President of the World: The Bill Clinton Phenomenon
On Presidents' Day, Hardball host Chris Matthews will look at the 10 years that have passed since William Jefferson Clinton left the White House. Matthews' documentary, President of the World: The Bill Clinton Phenomenon (Monday at 10/9c on MSNBC) explores the former commander-in-chief's many recent roles, including humanitarian, political spouse and diplomat who helped in the release of two journalist imprisoned by North Korea. The Biz recently chatted with Matthews about why we seem to love Bubba more than ever.
TV Guide Magazine: Post-presidencies are not reported on very much even though they are pretty interesting. What made you decide to a documentary on this one?
Matthews: I think it's an untold story because you figure everyone is all Clinton-ed out. We've written so much about him. The biographies are all really good. They sort of stopped the story as if it was over. I've spent some time with him and what I saw looking at the tapes wherever he went he was actually treated as someone bigger than a world leader. He's treated as someone who is in office somewhere but without portfolio.
TV Guide Magazine: What did you learn from the time you spent with him?
Matthews: He's a constant reader. He has this old satchel that he carries books in. He showed me all these books he's reading and what he's keeping up with. All the intellectual enterprise and all the extra I.Q. and juice that went into the presidency is now sitting there and he's just exploiting it. He spends an hour a day studying economics so when he goes around he doesn't give old fart dinner speeches. He speaks about what's going on in the economy right now...He must have a memory track of 100,000 people he knows. I think in history there is no one who knows so many people. He knows everybody's name.
TV Guide Magazine: Most presidents, especially the ones who serve two terms, can't wait until it's over. But your program points out how Clinton could not get enough of being president.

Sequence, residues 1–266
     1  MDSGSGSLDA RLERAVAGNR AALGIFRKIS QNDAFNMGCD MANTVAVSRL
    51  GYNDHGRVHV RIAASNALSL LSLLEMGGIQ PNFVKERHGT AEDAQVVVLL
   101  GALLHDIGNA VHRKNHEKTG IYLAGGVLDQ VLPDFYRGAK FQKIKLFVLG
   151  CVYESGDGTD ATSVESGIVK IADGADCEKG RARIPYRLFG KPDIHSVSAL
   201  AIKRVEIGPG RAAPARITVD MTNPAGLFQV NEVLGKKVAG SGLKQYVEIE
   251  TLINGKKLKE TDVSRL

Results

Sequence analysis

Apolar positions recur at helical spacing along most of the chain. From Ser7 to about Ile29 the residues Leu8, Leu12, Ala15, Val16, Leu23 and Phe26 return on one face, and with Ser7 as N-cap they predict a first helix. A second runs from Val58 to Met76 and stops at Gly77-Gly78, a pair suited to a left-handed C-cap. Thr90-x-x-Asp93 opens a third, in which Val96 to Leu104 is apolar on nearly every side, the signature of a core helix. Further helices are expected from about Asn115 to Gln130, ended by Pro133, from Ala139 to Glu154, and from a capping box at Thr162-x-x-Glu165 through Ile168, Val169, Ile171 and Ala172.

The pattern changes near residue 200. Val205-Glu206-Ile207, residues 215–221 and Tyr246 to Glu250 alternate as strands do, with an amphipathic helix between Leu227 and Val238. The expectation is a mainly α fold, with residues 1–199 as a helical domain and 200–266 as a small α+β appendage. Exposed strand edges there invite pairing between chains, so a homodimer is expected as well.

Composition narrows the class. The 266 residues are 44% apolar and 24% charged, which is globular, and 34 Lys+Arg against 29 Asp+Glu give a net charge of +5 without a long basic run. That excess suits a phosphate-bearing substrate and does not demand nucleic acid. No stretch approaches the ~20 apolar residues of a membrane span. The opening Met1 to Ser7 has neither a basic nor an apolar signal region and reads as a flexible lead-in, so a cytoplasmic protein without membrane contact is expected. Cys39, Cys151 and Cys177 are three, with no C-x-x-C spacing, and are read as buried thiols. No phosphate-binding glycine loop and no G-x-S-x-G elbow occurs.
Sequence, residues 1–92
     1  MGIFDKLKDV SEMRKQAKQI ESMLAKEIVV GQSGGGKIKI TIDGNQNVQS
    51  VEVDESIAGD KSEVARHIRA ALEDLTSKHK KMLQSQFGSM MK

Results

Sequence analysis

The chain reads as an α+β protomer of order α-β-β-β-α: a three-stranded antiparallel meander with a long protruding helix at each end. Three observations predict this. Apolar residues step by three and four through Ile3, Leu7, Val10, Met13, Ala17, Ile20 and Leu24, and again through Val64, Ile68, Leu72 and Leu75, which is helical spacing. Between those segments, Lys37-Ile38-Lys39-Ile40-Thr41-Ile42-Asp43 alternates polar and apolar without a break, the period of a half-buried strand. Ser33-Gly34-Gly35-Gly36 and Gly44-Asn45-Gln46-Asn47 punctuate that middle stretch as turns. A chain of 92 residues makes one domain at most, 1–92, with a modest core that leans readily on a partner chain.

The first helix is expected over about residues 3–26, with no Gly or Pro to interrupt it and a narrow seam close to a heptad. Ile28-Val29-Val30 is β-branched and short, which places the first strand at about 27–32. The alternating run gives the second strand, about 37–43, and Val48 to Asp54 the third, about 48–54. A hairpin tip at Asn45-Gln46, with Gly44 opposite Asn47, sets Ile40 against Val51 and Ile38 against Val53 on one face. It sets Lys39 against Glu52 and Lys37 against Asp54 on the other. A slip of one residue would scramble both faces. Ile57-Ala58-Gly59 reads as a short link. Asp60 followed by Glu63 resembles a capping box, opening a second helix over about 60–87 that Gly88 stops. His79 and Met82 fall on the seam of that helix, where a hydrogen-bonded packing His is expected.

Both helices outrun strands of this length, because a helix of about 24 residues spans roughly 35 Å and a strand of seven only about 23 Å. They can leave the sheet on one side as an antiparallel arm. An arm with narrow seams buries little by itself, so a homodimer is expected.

Matthews: He said, 'Nobody had a better time.' Nobody likes it more. He liked the joy of the job.
TV Guide Magazine: But the presidency is often a joyless job. What made him different that way?
Matthews: He's lucky. He makes his breaks. When he came in — the last quarter of the Bush Sr. administration — the economy turned around. He was serendipity walking. He also cut the deal with Newt Gingrich. The smart move for any Democrat is to let the Republicans cut the budget and go along with it. Get them to do what they want to do.
TV Guide Magazine: This president was so polarizing, yet now, as you pointed out, there are nostalgic feelings for him. Could you have imagined that when you were covering him during the 1990s.
Matthews: We always see what we had and what we don't have. Clinton was red hot. Obama is cool. Clinton was happy. Obama is cool. Clinton was a relationship guy. Obama is a transactions guy. Clinton was a feeler. Regular people liked him and thought he was one of them even though he had all these degrees. It was also a happier time. Ninety percent of it is the economy.
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